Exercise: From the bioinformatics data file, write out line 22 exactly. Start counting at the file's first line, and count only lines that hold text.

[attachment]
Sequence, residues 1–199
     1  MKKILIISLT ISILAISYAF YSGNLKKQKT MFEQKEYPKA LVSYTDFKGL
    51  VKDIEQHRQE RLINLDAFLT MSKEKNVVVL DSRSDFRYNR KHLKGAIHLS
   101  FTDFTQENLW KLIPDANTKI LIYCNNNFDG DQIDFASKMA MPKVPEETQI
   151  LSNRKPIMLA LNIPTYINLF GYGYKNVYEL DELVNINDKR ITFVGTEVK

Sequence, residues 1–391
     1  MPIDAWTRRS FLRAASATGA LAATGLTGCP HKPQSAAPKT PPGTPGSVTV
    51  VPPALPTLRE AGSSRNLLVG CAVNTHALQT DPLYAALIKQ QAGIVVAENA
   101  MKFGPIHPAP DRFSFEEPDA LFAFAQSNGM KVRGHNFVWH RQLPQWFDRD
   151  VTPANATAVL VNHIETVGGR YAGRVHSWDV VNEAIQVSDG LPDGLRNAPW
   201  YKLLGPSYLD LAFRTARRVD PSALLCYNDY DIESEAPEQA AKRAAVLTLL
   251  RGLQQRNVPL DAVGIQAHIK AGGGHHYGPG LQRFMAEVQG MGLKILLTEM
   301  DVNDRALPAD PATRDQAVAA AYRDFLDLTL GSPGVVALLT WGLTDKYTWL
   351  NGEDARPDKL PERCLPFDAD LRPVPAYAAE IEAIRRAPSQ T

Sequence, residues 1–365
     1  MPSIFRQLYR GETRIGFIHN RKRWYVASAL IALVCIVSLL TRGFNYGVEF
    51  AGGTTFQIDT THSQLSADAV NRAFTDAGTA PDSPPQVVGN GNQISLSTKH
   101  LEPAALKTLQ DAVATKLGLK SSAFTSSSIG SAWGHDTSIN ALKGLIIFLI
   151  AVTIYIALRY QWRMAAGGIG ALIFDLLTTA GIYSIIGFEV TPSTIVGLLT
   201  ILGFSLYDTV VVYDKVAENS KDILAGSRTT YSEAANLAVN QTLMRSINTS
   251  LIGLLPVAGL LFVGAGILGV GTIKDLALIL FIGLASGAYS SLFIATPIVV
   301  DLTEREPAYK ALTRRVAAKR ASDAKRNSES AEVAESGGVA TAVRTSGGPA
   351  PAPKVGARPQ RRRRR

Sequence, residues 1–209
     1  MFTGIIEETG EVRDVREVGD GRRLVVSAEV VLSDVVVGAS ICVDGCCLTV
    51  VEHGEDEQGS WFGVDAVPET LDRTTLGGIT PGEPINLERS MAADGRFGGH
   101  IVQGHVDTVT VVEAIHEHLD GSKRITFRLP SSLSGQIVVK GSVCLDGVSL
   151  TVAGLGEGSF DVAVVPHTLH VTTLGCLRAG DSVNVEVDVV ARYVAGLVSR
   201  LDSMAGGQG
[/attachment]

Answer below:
   301  DLTEREPAYK ALTRRVAAKR ASDAKRNSES AEVAESGGVA TAVRTSGGPA